11 of 13 people found the following review helpful
REM's best political record.,
By A Customer
This review is from: Document (Audio CD)
This record has their most focused political songs taking up the first half of the album.
Finest Work Song starts the record with the clarion call "the time to rise has been engaged / you're better best to rearrange".
Welcome To The Occupation is a Chomsky style look at the United States economic occupation of South America "offering the educated, primitive and loyal / welcome to the occupation" . When Stipe sings of "Sugar cane and coffee cup, copper steel and cattle / an annotated history, the forest for the fire" it reminds me of school lessons looking at maps of the world where the western countries are labeled with their name and developing countries marked only by the product they provide to the western world.
Exhuming McCarthy pinpoints the trick pulled off by Reaganomics; "vested interests, united ties, landed gentry rationalise / look who bought the myth, buy jingo (=) buy America". I can't think of any other song that so clearly and succinctly articulates how patriotism and nationalism are tools of the wealthy and powerful elite to maintain their wealth and security.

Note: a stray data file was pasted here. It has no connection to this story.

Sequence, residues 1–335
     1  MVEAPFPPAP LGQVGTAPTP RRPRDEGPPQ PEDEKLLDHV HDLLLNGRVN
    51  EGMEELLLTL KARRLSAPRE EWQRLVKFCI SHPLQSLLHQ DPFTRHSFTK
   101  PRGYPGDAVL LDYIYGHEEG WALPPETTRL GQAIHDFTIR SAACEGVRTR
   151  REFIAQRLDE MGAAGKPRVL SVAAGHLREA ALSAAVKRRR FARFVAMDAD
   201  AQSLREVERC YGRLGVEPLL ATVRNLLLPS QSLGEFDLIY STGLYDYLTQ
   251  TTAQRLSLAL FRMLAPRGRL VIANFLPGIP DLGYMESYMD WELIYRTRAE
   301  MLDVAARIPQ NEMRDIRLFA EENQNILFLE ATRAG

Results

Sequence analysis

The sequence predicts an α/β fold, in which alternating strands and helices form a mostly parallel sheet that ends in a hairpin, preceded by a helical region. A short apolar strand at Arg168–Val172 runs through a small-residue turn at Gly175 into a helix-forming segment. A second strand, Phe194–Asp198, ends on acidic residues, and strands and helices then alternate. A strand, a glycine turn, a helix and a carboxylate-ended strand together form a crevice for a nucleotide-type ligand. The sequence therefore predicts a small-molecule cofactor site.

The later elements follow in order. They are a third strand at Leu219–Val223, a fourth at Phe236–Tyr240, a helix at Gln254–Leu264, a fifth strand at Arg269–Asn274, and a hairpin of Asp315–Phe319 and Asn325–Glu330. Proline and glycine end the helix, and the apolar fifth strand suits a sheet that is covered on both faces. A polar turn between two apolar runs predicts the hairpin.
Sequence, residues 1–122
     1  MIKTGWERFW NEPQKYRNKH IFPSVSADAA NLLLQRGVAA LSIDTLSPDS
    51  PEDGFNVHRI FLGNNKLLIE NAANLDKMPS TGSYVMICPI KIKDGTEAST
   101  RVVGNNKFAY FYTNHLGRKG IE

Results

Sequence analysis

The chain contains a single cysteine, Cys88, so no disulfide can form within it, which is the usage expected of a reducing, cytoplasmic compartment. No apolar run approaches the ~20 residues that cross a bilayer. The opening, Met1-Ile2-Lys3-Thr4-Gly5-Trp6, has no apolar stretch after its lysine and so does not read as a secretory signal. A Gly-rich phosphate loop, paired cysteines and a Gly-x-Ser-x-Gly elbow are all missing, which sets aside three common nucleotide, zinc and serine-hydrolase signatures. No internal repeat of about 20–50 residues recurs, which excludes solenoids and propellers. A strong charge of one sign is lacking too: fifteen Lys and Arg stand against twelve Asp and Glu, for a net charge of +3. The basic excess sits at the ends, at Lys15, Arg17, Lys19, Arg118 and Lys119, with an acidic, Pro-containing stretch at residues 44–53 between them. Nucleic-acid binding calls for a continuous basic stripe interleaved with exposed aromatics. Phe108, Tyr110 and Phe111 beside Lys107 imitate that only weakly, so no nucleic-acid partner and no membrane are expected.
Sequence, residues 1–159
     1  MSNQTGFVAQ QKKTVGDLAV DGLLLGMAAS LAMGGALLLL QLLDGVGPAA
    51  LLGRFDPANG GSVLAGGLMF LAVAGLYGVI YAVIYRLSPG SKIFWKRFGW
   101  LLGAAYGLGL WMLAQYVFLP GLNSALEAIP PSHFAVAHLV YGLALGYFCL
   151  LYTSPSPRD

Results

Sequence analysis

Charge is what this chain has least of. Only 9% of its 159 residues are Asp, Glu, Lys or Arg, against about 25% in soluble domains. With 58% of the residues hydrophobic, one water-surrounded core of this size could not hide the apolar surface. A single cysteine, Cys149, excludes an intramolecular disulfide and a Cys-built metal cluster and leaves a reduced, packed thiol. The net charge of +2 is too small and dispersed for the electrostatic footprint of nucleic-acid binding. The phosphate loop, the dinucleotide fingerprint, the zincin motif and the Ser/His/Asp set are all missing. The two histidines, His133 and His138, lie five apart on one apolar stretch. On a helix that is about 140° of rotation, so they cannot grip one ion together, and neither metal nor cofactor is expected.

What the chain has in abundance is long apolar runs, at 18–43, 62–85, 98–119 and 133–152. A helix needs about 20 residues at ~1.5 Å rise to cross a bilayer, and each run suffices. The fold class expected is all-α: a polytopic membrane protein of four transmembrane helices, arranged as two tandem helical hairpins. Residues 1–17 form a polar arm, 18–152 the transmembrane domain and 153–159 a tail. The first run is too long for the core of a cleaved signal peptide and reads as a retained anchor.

Disturbance at the Heron House targets the "gathering of grunts and greens / cogs and grunts and hirelings" who fed on the 1980s obsession with deregualted capitalism, inspired by Reagan's favourite economic guru, Milton Friedman. But "when feeding time has come and gone / they'll lose their heart and head for home / try to tell us something we don't know". Which is of course what happened. In the late 80s and early 90s the economic bubble did burst and Bush was chucked out.
The politics is rounded off by a cover of Wire's Strange. In this context, following 4 of REM's most explicitly political songs, it can be taken to express the nervous alienation from the right-wing culture of the time; "There's something strange going on tonite / there's something going on that's not quite right". It shouldn't be forgotten after all this politics that the other thing that makes these songs so great is that they completely rock!
Then a little light relief for MTV with It's The End of the World as we Know it before one of REM's greatest songs, The One I Love. I cannot think of antother song of theirs that is so perfect, simple and elegant. Yet at the same time is is completely cruel and callous.
The rest of the album returns to Fables of the Reconstruction era REM. They are all great songs with beatiful melodies and singing by Stipe. There is not so much to say about them however as it is back to the old days of not having a clue what Stipe is on about; "Oddfellows local 151 behind the firehouse / where Pewee sits to prove a sage to teach / Pewee gathered up his proof reached up and scratched his head / fell down and hit the ground again". What!? Pewee? What are you on about Stipe?
Love it all the same. I wish he'd get back to writing something more political instead of people going to Reno and wanting to be a star. Who cares? I want politics and stories about weird old men in Southern backwater towns.